In one arrangement, an example charge pump may include a mapping selection logic circuit that comprises a mapping decoder operative to decode an x-bit mapping control signal into [n] output selection signals, where x=log2(n) and [n] is a maximum number of SCs independently connectable to a common charging node of the charge pump. In one arrangement, the mapping selection logic circuit is operative in response to one or more duty cycle control signals configured to provide duty cycle information with respect to the x-bit mapping control signal for indicating which SC of the charge pump is to be connected to the common charging node for what duration of time. In one arrangement, the duty cycle information with respect to the x-bit mapping control signal may be optimized based on respective current loads expected be drawn from one or more SCs depending on corresponding load circuitry coupled to each SC. In one arrangement, an example charge pump may include a configuration logic circuit that comprises a configuration decoder operative to decode a y-bit configuration control signal into [p] configuration setting control signals, where y=log2(p) and [p] is a maximum number of circuit configurations into which one or more FCs of charging circuitry can be connected. In one arrangement, an example charge pump may include a clock generator to generate a charge phase control signal, a storage phase control signal and a latch signal, wherein the charge phase control signal and the storage phase control signal have complementary logic states with respect to each other and are separated for a select time period during which the latch signal is asserted. A charge phase combinational logic circuit may be included that is operative in response to the charge phase control signal and a particular configuration setting control signal that is latched for a select duration of time for actuating a particular set of configuration switches to cause the selected FC circuit configuration in a charge phase. In similar fashion, a store phase combinational logic circuit operative in response to the storage phase control signal and the particular configuration setting control signal may be provided for actuating a particular set of configuration switches to cause the selected FC circuit configuration in a store phase. In one arrangement, an example charge pump may include power selection and switching circuitry for selecting among an input voltage and one or more secondary voltage supplies, which may comprise voltage outputs of the charge pump itself, for powering the configuration switches to connect a select set of FCs depending on a selected circuit configuration of the charging circuitry. In one arrangement, an example charge pump may comprise a number of FCs that may be configured to provide at the common charging node a voltage that is one or more fractional and/or integer multiples of the input voltage, e.g., ¼VIN to 4 times of VIN in a 3-FC arrangement.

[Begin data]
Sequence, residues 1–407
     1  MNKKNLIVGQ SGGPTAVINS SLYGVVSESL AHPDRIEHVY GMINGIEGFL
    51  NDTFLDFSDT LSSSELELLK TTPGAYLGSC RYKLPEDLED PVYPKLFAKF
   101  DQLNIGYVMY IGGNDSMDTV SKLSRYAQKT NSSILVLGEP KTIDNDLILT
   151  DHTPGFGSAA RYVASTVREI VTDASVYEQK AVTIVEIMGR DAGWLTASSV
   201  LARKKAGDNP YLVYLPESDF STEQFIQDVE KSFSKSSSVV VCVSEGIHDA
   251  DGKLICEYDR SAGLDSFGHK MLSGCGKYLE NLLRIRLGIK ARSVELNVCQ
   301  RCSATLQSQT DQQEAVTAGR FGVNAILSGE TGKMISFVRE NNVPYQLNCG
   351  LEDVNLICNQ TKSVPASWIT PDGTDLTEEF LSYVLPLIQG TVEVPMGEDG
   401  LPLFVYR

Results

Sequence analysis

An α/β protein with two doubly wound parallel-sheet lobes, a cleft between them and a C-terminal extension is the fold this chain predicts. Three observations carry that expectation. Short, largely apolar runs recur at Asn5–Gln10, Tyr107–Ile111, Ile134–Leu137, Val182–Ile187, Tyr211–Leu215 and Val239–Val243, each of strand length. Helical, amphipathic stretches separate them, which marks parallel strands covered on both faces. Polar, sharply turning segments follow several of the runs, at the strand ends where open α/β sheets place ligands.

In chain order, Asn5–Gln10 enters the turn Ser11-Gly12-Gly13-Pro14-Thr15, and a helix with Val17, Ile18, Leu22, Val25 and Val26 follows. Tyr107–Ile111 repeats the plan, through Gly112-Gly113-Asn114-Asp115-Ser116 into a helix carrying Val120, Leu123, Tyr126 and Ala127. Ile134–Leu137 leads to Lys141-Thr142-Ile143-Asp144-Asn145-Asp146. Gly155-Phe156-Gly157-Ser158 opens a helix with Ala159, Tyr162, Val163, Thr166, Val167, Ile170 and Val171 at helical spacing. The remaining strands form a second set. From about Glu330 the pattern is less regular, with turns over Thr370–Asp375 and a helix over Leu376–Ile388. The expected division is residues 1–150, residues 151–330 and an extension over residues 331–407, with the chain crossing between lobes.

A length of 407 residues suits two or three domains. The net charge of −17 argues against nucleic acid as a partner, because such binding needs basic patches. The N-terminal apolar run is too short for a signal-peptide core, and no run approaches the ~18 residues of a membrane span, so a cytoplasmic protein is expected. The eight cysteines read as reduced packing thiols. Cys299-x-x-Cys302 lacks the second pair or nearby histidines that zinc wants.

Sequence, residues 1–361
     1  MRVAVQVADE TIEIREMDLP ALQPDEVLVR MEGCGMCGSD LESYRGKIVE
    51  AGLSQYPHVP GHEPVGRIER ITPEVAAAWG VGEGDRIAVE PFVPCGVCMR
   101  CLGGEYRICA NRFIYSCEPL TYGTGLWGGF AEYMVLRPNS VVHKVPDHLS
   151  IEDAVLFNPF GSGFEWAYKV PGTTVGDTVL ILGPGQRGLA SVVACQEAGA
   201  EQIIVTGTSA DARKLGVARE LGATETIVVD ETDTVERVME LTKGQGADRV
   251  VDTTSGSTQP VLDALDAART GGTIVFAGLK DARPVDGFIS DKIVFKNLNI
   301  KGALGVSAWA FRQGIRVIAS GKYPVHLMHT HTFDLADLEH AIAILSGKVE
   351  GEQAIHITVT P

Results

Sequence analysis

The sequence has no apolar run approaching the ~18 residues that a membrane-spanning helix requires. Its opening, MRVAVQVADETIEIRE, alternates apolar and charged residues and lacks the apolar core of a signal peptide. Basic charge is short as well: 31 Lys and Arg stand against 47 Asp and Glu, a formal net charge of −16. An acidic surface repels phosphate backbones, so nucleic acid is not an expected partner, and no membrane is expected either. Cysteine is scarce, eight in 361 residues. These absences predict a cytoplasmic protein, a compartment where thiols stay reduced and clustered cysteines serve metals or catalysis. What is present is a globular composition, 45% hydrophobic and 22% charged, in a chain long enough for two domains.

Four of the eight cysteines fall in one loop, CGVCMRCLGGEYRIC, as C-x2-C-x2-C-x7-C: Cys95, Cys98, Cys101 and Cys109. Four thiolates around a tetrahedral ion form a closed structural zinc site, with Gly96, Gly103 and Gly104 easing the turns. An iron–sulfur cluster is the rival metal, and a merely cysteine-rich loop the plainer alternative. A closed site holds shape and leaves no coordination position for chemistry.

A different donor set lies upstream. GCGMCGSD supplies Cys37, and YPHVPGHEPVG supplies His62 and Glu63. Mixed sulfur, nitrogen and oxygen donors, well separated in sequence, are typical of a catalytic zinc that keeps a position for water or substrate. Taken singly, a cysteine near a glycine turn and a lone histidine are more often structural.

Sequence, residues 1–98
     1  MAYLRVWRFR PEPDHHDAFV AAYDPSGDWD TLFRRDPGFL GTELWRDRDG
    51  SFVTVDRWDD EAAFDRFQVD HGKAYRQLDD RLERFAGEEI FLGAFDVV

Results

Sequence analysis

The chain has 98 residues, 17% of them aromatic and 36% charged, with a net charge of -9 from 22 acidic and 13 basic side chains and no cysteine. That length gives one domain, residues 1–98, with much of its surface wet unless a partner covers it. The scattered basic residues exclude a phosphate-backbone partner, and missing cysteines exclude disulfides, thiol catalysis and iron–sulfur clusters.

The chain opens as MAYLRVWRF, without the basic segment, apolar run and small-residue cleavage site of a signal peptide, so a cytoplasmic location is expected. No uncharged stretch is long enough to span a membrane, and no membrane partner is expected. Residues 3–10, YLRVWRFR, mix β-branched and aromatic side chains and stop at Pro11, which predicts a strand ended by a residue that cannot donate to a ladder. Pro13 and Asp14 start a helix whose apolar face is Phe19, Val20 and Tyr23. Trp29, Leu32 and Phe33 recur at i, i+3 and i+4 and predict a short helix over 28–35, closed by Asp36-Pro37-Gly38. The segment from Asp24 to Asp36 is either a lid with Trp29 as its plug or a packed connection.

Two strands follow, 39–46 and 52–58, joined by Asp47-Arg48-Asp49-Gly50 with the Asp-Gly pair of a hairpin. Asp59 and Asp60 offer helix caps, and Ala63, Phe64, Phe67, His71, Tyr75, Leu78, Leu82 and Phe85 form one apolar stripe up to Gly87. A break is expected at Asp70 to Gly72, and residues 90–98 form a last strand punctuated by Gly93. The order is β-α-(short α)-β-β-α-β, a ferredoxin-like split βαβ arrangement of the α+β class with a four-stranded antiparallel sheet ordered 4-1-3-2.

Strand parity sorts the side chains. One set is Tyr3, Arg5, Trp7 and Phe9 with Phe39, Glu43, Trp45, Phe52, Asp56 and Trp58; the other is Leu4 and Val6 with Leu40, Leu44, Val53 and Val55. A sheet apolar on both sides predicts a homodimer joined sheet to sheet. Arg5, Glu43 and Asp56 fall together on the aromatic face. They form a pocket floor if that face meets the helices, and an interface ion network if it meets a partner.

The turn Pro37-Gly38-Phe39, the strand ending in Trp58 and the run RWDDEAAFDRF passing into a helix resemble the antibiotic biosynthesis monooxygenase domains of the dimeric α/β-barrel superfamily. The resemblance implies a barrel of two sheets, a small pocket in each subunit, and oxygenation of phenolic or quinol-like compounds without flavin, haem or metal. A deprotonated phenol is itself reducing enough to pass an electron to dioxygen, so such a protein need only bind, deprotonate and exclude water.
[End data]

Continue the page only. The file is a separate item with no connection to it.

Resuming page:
In another aspect, an embodiment of an implantable medical device (IMD) operative in a biostimulation system is disclosed, wherein the IMD comprises, inter alia, a power supply module, a processing unit and associated digital control logic, and a configurable multi-output charge pump operative in response the processing unit and associated digital control logic for generating a plurality of voltage outputs that are independently connectable to a common charging node based on a duty cycle for simultaneously driving a corresponding number of electrical loads. In yet another aspect, a power supply generation method involving a configurable multi-output charge pump is disclosed.